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Farmer Deere
Contributor

Understanding Crop Insurance on a short crop

Spring price guarantee for corn = $5.68  (This could go up in the fall if futures rally, so let's say it ends up at $6.58)

APH = 178 Bu./Acre

80% Coverage

Spring Price Revenue Guarantee = 178 * .8 * $5.68 = $808.83

Fall Price Revenue Guarantee = 178 * .8 * $6.58 = $936.99

So in a worst case scenario with a zeroed out crop, they simply pay you your full revenue guarantee right?

If you haven't presold anything you simply take the money right?

If you have contracts to fill, you have to buy them back and may be out the difference if you sold lower than the market at expiration right?

 

What about with a 50% crop?  Do they pay you the full rate on the missing 50% and then the difference between the spring and fall rate if the price went up?

 

Just trying to make sure I understand how all of this works.

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9 Replies
BA Deere
Honored Advisor

Re: Understanding Crop Insurance on a short crop

That`s how I understand it.

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Hobbyfarmer
Honored Advisor

Re: Understanding Crop Insurance on a short crop

WRONG

 

 

They only pay on the level you insured at last March. If you have a "half crop" but only spring price and the fall price is higher, you may not have a claim if you are at the 75% level or lower.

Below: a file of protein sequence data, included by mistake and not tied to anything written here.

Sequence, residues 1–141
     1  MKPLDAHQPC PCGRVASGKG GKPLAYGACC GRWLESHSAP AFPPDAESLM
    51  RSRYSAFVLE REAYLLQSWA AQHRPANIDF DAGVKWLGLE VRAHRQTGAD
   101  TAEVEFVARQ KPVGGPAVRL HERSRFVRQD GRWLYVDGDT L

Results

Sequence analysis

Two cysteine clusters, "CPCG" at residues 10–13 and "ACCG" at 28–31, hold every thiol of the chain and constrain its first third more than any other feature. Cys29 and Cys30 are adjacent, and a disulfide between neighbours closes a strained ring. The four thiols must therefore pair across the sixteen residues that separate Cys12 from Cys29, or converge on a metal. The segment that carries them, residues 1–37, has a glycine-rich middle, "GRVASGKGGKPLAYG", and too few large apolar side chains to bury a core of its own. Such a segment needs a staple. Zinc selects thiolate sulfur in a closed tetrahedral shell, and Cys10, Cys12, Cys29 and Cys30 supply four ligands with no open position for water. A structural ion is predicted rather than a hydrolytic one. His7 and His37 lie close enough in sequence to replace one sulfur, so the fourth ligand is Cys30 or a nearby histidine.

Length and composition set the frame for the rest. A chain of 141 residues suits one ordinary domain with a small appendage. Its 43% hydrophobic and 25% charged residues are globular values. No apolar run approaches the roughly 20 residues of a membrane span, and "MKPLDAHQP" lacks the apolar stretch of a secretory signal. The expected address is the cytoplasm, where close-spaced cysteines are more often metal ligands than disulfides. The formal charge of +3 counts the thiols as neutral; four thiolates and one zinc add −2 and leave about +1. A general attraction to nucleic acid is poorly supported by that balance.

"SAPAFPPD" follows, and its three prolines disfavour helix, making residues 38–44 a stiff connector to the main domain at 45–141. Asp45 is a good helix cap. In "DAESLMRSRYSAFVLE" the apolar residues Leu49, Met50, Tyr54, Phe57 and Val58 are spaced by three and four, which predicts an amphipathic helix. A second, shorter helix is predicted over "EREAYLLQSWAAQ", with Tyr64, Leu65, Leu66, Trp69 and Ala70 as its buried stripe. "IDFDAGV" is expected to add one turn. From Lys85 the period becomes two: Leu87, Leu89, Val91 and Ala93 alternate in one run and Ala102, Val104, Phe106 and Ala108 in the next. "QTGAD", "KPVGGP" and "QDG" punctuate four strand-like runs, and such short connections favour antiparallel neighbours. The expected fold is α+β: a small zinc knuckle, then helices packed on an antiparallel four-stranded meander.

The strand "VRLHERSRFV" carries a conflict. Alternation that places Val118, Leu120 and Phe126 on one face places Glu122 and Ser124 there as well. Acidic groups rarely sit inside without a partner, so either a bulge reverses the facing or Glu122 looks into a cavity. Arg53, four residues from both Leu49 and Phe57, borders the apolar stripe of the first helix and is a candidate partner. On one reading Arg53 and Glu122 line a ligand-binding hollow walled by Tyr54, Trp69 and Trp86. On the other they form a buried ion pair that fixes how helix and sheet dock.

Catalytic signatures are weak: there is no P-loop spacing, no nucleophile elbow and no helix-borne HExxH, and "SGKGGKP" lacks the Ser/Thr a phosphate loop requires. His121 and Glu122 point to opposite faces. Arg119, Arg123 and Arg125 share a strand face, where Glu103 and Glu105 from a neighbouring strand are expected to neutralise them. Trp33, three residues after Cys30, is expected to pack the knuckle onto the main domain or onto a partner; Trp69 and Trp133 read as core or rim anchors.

If you have the harvest price option then it is still just to the % level of your coverage. You can't insure a 100% crop Just to 85% and that was set by you in the spring.

 

If you have the harvest price option (most do) then you do not know what your level of coverage is yet . You know the Minimum = spring price x yield x % of elected coverage - priemium = $$$ / acre

 

If you have harvest price option Then which ever of the spring or fall price is greater will be your coverage (multiplier)

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WCMO
Senior Advisor

Claims Adjuster Comments

 
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Farmer Deere
Contributor

Re: Understanding Crop Insurance on a short crop

When I said "half a crop", I meant half of my guarantee, which in this case is half of 142.4, which is 80% of my APH of 178.  Yes, I do have the harvest price option.  So in reality, like you say I only know the minimum coverage at this point for sure.  Maximum will either be the same if harvest price is <= spring price or higher.

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Nebrfarmr
Veteran Advisor

Re: Understanding Crop Insurance on a short crop

There are different types of insurance, like CRC, or RA, each can have the 'harvest price' option, etc, etc.

 

To oversimplify the insurance I have, let's say I have a guarantee of 100 BPA(133 BPA average, at 75% coverage), and harvest price would be $6.

This gives me $600 per acre guarantee.

 

If I harvest 50 bushels, at $6, insurance would pay me $300.

If I harvest 90 bushels at $6, insurance would pay me $60.


Now, lets say I didn't get the harvest price option, and to keep numbers easy to figure, my spring price was $5.

If I had 50 BPA at $6 harvest price, insurance would pay me $200